How did Socrates know he was wise?

Steven asked:

How did Socrates know he was wise?

Answer by Graham Hackett

The words of the Oracle are actually in the negative. ‘Is anyone wiser than Socrates?’ was the question asked. The priestess answered, ‘No one’. So not only was Socrates declared wise, but in fact he was declared the wisest man in Athens. I recommend that you the answer by Tony Fahey, Socrates and the Oracle of Delphi. There you will find a good account of the pronouncement of the Oracle and Socrates’ use of it in his own defence before his Athenian accusers. I cannot do better than this article, so I will add just a few remarks of my own.

The difficulties in answering your question stem partly from our lack of direct knowledge of Socrates own life (how much of the account we have is due to Plato’s own views or genuinely objective, etc), and partly what we take to be the meaning of wisdom. Wisdom could refer to the possession of genuine higher level knowledge of such difficult key concepts as virtue, good, happiness, piety, justice etc. A key Greek word here is ‘Sophos’. This term used in pre-Socratic Greece refers to something like a sage, wise man something like a combined prophet, priest and therapist. The Sophos were interested in rational argument for proof of concepts in ethics and metaphysics. Sophos in this sense were not ‘professional thinkers’, such as were the Sophists active in the lifetime of Socrates .

What would Socrates have understood the Delphic Oracle to be saying about wisdom, and if so, would he have a convincing reason for his particular belief? Well, as is reported, he seems to have expressed puzzlement with the oracular pronouncement, regarding it as paradoxical. According to mainstream Greek thinking before Socrates, a truly wise man would have definitive knowledge, maybe, like Thales, Heraclitus and Pythagoras, even have constructed systems of knowledge. Socrates denied that he had this kind of knowledge and he was certainly not a system builder. In fact, he rather famously claimed ignorance, so how could he be the wisest man in Athens?

In support of this claim of lack of knowledge, Socrates, at least in the earlier Platonic dialogues used the method of elenchus, which proceeded as follows;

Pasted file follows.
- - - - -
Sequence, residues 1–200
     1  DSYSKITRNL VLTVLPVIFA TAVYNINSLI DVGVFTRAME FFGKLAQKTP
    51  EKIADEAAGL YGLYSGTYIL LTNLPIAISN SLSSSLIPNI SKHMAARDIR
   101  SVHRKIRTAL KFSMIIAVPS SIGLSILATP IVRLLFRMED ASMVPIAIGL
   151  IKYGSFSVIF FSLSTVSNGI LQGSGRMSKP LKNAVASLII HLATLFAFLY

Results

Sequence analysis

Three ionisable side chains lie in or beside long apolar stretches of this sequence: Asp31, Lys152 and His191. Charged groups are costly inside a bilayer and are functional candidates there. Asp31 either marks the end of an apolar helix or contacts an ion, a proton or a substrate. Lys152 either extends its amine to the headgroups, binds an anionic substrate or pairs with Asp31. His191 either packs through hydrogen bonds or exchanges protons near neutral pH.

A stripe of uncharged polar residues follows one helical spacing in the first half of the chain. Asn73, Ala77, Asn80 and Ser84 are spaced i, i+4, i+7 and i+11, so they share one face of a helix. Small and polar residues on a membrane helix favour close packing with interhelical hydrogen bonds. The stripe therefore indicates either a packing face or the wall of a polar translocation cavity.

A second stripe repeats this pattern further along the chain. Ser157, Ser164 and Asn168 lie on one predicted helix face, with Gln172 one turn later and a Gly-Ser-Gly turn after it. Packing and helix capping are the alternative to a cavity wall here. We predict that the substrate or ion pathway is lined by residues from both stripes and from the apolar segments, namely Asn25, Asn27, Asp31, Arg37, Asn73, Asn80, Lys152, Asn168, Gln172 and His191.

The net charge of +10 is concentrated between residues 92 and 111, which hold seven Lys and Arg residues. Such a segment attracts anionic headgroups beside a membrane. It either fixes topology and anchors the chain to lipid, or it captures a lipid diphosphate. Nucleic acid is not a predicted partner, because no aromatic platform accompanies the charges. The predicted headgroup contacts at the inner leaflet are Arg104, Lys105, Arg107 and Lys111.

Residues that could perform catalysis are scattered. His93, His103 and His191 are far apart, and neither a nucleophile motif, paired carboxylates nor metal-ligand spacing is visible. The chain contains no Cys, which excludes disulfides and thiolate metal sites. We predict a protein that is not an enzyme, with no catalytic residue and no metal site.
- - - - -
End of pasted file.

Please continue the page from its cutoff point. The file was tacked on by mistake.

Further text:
1. Socrates’ interlocutor asserts a thesis, e.g. ‘piety is doing according to the will of the Gods’, which Socrates questions.

2. Socrates secures his interlocutor’s agreement to other premises, e.g.; ‘what the Gods ask is pious’ or ‘the Gods may ask contradictory things.

3. Socrates then argues, with the interlocutor’s agreement, that these further premises imply the contrary of the original thesis.

4. Socrates then claims this shows that his interlocutor’s thesis is false and that its negation is true.

What seems to be the point behind the Oracle story is this; the claims of many to be wise (to possess knowledge) is wrong. Socrates use of the technique of the elenchus demonstrates this. His assumption of ignorance, and then gradually refining an initially unacceptable position in the direction of knowledge at least could be described as the beginning of wisdom. If you accept this interpretation of the Oracle, then you may judge that Socrates has some justification to believe he wise. You may have read Platonic dialogues where a final definitive position is never reached. For example, in the ‘Theaetetus’, Socrates attempts to get at the nature of knowledge, but the dialogue seems to end unsatisfactorily with no final acceptable conclusion. Should we regard this as a futile failure? Not a bit of it! Even if the characters in the dialogue never reach a final definitive position on the nature of knowledge, Socrates would no doubt take heart in having moved the search further onward.

Perhaps it is not too fanciful to suggest that there was shift in how we view wisdom at the time of Socrates. Today, philosophers are less viewed as having wisdom in the ancient sage-like sense and seen more as those who love and seek wisdom. Knowledge is not a final position; it is an ongoing search.

Wisdom is also often used as referring to a more practical prudential knowledge. Socrates and Plato seem to have regarded this as a lower form of knowledge; an art, or a skill; how to build a boat, how to conduct oneself in the public arena etc. Aristotle held prudential wisdom in higher regard (it was referred to by the Greeks as phronesis). You may argue that considering his own wilful neglect of Athenian public life and his ability to irritate important citizens, Socrates could have used a lot more of this form of wisdom. It is a pity that the Oracle did not warn Socrates of his dangerous lack of this kind of practical knowledge, by providing more detail in their pronouncements. But then the Oracle never had the virtue of clarity.


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